Neutrophil extracellular traps (NETs) are formed by neutrophils during inflammation. Among other things, these DNA constructs consist of antimicrobial proteins such as lactoferrin and histones. With these properties, NETs capture and destroy invading microorganisms. The carbohydrate polysialic acid (polySia) interacts with both lactoferrin and histones. Previous experiments demonstrated that, in humans, lactoferrin inhibits the release of NET and that this effect is supported by polySia. In this study, we examined the interplay of lactoferrin and polySia in already-formed NETs from bovine neutrophils. The binding of polySia was considered to occur at the lactoferricin (LFcin)-containing domain of lactoferrin. The interaction with the peptide LFcin was studied in more detail using groups of defined polySia chain lengths, which suggested a chain-length-dependent interaction mechanism with LFcin. The LFcin domain of lactoferrin was found to interact with DNA. Therefore, the possibility that polySia influences the integration of lactoferrin into the DNA-structures of NETs was tested by isolating bovine neutrophils and inducing NETosis. Experiments with NET fibers saturated with lactoferrin demonstrated that polySia initiates the incorporation of external lactoferrin in already-loaded NETs. Thus, polySia may modulate the constituents of NET. Full article
(This article belongs to the Special Issue Neutrophil Extracellular Traps)
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Review

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Open AccessReview
Extracellular Traps: An Ancient Weapon of Multiple Kingdoms
Biology 2020, 9(2), 34; https://doi.org/10.3390/biology9020034 - 18 Feb 2020
Abstract
The discovery, in 2004, of extracellular traps released by neutrophils has extended our understanding of the mode of action of various innate immune cells. This fascinating discovery demonstrated the extracellular trapping and killing of various pathogens by neutrophils. During the last decade, evidence [...] Read more.
The discovery, in 2004, of extracellular traps released by neutrophils has extended our understanding of the mode of action of various innate immune cells. This fascinating discovery demonstrated the extracellular trapping and killing of various pathogens by neutrophils. During the last decade, evidence has accumulated showing that extracellular traps play a crucial role in the defence mechanisms of various cell types present in vertebrates, invertebrates, and plants. The aim of this review is to summarise the relevant literature on the evolutionary history of extracellular traps used as a weapon in various kingdoms of life. Full article
(This article belongs to the Special Issue Neutrophil Extracellular Traps)
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Open AccessReview
Pinniped- and Cetacean-Derived ETosis Contributes to Combating Emerging Apicomplexan Parasites (Toxoplasma gondii, Neospora caninum) Circulating in Marine Environments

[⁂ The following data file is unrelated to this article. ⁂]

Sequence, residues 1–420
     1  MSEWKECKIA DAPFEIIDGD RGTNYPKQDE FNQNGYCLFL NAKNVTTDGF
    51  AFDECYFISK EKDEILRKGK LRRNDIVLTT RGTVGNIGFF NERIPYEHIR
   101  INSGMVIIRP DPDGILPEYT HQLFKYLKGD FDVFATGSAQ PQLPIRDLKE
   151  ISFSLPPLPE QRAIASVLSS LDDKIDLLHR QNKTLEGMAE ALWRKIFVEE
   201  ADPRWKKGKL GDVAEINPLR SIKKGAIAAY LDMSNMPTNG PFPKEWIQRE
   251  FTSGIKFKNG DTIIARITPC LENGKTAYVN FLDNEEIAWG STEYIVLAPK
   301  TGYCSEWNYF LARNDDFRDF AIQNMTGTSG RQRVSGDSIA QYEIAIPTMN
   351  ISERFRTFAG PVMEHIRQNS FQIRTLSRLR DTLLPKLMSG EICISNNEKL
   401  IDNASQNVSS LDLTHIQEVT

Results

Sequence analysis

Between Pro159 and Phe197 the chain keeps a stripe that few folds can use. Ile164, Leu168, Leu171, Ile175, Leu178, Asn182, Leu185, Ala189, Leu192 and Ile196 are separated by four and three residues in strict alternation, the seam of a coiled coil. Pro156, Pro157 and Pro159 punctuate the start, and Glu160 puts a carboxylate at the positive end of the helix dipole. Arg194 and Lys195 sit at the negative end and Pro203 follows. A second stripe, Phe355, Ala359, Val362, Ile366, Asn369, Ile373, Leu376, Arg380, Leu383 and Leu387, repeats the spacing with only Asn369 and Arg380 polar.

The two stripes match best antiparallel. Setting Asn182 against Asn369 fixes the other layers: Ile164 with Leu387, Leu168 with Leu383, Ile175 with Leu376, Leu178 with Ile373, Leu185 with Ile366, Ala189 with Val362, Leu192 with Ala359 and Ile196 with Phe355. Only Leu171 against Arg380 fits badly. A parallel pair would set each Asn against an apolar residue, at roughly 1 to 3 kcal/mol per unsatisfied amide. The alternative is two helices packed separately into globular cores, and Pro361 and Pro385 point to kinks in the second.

Biology 2019, 8(1), 12; https://doi.org/10.3390/biology8010012 - 09 Mar 2019
Cited by 4
Abstract
Leukocytes play a major role in combating infections either by phagocytosis, release of antimicrobial granules, or extracellular trap (ET) formation. ET formation is preceded by a certain leukocyte cell death form, known as ETosis, an evolutionarily conserved mechanism of the innate immune system [...] Read more.
Leukocytes play a major role in combating infections either by phagocytosis, release of antimicrobial granules, or extracellular trap (ET) formation. ET formation is preceded by a certain leukocyte cell death form, known as ETosis, an evolutionarily conserved mechanism of the innate immune system also observed in marine mammals. Besides several biomolecules and microbial stimuli, marine mammal ETosis is also trigged by various terrestrial protozoa and metazoa, considered nowadays as neozoan parasites, which are circulating in oceans worldwide and causing critical emerging marine diseases. Recent studies demonstrated that pinniped- and cetacean-derived polymorphonuclear neutrophils (PMNs) and monocytes are able to form different phenotypes of ET structures composed of nuclear DNA, histones, and cytoplasmic peptides/proteases against terrestrial apicomplexan parasites, e.g., Toxoplasma gondii and Neospora caninum. Detailed molecular analyses and functional studies proved that marine mammal PMNs and monocytes cast ETs in a similar way as terrestrial mammals, entrapping and immobilizing T. gondii and N. caninum tachyzoites. Pinniped- and cetacean leukocytes induce vital and suicidal ETosis, with highly reliant actions of nicotinamide adenine dinucleotide phosphate oxidase (NOX), generation of reactive oxygen species (ROS), and combined mechanisms of myeloperoxidase (MPO), neutrophil elastase (NE), and DNA citrullination via peptidylarginine deiminase IV (PAD4).This scoping review intends to summarize the knowledge on emerging protozoans in the marine environment and secondly to review limited data about ETosis mechanisms in marine mammalian species. Full article
(This article belongs to the Special Issue Neutrophil Extracellular Traps)